Most literature is damaged within
a few years by poor storage, careless handling, water,
food, drinks, rodents, bugs, mildew, swap meets, sunlight,
humidity, dust, shipping, sealed plastic bags, heat,
etc. The list goes on, but literature can be preserved
by taking precautions.
Literature is to be enjoyed.
Show it to a friend by having them looking over
your shoulder. Even best friends rarely know how
to handle a brochure and will not appreciate the
rarity as much as you do. Keep food and drink
far away from literature. Don't leave it within
the reach of kids or pets. Enjoy it and then put
it back in storage immediately. If possible, it
is a good idea to have two copies one to
handle and one to preserve.
Glossy photographs - Sunlight
quickly fades old photos, plus they will curl
Paint chip charts - Insert typing
or onionskin paper to prevent chips from sticking
Book cases should never face
sunlight or the spines may fade. Book cases with
doors are important in preserving the books. Glass
paned doors are great for preventing dust and
bugs, but light can still damage the books.
Literature that has been damaged
can sometimes be restored, but would you perform
surgery on yourself? If not, don't try literature
restoration. The odds are that you will damage
it more. In my 53 years of collecting I have developed
many techniques using various tools, chemicals
and glues that can significantly improve the condition
of damaged literature. The techniques and equipment
are not secrets, but the skills take time to develop
and, initially, you will probably regret your
efforts, especially if it is an expensive item.
Never mark on literature with
ink, or even pencil. Some collectors like to mark
the date on which they received literature or
the date of the make. However, any marks de-value
literature. Even 3-M stick-on notes can cause
damage. A clean piece of paper, with penciled
notes, is not likely to hurt anything if you must
make notes but don't write on the paper
placed over the brochure because it will probably
leave an impression on the brochure.
Shipping should always be done
using boxes, not envelopes even padded
envelopes. Even a postcard should be placed in
a small box. Literature should first be sealed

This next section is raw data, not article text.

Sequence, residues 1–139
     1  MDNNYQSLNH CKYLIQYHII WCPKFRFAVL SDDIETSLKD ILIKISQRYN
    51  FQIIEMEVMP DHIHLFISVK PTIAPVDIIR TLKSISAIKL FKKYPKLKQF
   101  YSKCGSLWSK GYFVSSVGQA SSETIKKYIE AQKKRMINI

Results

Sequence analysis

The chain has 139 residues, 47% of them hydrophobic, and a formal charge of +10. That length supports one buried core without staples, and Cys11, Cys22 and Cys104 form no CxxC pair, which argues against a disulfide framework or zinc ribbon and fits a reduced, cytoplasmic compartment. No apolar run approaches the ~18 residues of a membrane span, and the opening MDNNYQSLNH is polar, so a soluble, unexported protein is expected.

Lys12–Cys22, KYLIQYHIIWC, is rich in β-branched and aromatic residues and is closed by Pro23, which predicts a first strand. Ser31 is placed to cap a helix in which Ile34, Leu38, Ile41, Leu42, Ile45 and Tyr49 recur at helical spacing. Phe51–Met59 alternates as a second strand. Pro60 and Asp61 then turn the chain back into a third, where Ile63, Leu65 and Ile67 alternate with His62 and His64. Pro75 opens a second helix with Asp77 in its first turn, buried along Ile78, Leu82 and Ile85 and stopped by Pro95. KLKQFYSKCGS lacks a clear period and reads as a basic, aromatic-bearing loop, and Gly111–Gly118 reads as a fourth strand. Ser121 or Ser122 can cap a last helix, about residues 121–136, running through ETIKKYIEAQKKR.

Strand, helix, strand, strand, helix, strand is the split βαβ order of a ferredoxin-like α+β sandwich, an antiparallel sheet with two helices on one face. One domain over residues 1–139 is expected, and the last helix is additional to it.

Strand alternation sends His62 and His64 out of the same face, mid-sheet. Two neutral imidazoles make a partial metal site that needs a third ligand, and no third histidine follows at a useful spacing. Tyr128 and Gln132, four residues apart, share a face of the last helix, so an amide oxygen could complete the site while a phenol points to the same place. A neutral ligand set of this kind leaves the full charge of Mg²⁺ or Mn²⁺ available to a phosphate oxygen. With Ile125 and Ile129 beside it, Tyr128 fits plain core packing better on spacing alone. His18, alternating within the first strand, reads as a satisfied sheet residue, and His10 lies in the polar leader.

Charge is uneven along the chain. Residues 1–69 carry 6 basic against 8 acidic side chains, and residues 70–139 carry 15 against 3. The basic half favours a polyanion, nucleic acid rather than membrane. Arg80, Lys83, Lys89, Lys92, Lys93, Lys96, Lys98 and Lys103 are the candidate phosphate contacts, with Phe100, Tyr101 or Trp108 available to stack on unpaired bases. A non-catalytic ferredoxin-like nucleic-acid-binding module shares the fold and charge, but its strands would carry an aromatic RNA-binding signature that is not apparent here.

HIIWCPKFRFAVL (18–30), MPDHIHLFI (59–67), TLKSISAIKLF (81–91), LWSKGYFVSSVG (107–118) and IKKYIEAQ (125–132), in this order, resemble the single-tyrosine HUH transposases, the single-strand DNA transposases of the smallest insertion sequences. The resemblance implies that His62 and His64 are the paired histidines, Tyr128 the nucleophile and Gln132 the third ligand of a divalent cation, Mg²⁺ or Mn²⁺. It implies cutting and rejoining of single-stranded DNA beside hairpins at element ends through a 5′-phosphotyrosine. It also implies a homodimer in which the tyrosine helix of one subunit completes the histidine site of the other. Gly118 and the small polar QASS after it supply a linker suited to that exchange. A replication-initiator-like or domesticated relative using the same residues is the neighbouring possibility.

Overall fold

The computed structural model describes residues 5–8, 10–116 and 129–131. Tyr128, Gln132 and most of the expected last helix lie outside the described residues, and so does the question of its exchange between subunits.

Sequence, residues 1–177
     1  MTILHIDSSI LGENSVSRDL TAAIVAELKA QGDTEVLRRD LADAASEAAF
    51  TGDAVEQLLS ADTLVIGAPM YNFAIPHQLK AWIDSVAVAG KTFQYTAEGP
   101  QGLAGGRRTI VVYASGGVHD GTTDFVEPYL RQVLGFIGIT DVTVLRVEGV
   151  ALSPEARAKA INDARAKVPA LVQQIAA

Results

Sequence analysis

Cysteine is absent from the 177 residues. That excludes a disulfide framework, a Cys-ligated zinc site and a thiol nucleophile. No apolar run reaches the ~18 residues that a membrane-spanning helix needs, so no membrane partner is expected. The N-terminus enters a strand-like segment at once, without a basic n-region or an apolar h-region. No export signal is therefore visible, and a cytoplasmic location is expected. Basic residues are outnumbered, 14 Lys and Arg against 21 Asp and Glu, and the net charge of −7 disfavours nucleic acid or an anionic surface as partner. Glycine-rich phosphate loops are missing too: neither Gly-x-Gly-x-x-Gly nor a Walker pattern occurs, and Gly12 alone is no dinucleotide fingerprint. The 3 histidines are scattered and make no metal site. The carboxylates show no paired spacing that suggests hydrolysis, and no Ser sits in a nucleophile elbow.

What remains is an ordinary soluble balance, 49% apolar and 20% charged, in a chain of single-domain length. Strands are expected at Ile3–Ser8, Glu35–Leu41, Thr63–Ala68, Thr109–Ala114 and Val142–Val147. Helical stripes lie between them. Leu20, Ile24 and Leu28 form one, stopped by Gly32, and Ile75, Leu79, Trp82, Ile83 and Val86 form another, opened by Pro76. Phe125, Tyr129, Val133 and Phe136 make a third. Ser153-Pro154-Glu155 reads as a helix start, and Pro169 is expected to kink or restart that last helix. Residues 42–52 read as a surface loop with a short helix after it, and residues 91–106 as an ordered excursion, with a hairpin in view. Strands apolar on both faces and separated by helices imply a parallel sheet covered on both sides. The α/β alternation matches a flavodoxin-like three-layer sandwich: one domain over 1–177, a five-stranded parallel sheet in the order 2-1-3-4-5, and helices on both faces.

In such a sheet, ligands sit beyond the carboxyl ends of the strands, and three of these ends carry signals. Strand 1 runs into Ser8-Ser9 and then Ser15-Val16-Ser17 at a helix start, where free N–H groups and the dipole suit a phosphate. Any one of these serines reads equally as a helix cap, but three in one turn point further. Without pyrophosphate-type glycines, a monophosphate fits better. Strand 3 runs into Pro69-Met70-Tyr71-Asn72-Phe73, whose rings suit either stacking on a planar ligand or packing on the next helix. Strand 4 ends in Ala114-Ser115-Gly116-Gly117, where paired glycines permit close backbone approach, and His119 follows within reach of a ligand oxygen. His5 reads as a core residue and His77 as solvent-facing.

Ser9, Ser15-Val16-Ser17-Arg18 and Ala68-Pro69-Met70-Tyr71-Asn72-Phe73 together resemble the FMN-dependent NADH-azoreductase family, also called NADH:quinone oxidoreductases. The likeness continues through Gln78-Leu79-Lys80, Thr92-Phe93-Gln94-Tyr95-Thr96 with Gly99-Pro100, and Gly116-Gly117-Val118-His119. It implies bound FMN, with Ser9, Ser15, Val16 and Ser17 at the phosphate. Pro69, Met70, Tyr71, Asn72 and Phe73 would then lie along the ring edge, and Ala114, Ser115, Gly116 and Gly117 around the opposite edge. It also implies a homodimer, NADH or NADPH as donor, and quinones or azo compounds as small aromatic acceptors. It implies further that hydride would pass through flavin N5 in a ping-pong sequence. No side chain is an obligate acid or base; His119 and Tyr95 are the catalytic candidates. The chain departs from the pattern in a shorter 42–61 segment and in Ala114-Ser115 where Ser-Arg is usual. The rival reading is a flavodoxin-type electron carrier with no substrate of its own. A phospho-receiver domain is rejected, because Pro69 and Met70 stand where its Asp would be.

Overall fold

in a plastic bag to protect it from moisture if
the box gets wet. Sales literature needs to have
the plastic bag taped to a piece of cardboard
larger than the literature to prevent bent corners.
The literature should then be placed in the box
with padding on all six sides. The literature
should never touch the sides of the box. Heavy
boxes tend to be dropped and corners dented in,
so keep individual box weight under thirty pounds.
Always have clean hands. Swap
meet customers never do. They pick up literature
after handling rusty, dirty or greasy engine parts,
or eating a hamburger. Even at home, wash up before
looking through literature, and never eat or drink
anything while handling it.
Be careful when you open a new
item. Folders often open in several ways. Take
your time so as to not rip something meant to
open in an unexpected direction. Old or thin paper
tears easily and, once a rip stars, it will get
worse each time it is opened.
Store literature in tight wooden
or metal cabinets or in plastic envelopes that
are acid-free and open at the top to breathe.
The plastic envelopes can be placed in notebooks.
Never store literature in attics
or basements because of temperature and humidity
changes. Temperature and humidity should remain
constant. Sealed plastic bags trap humidity and
cause mold. Never store literature near water
Do not place literature openly
near sunlight, because light can cause fading
or turn it brown.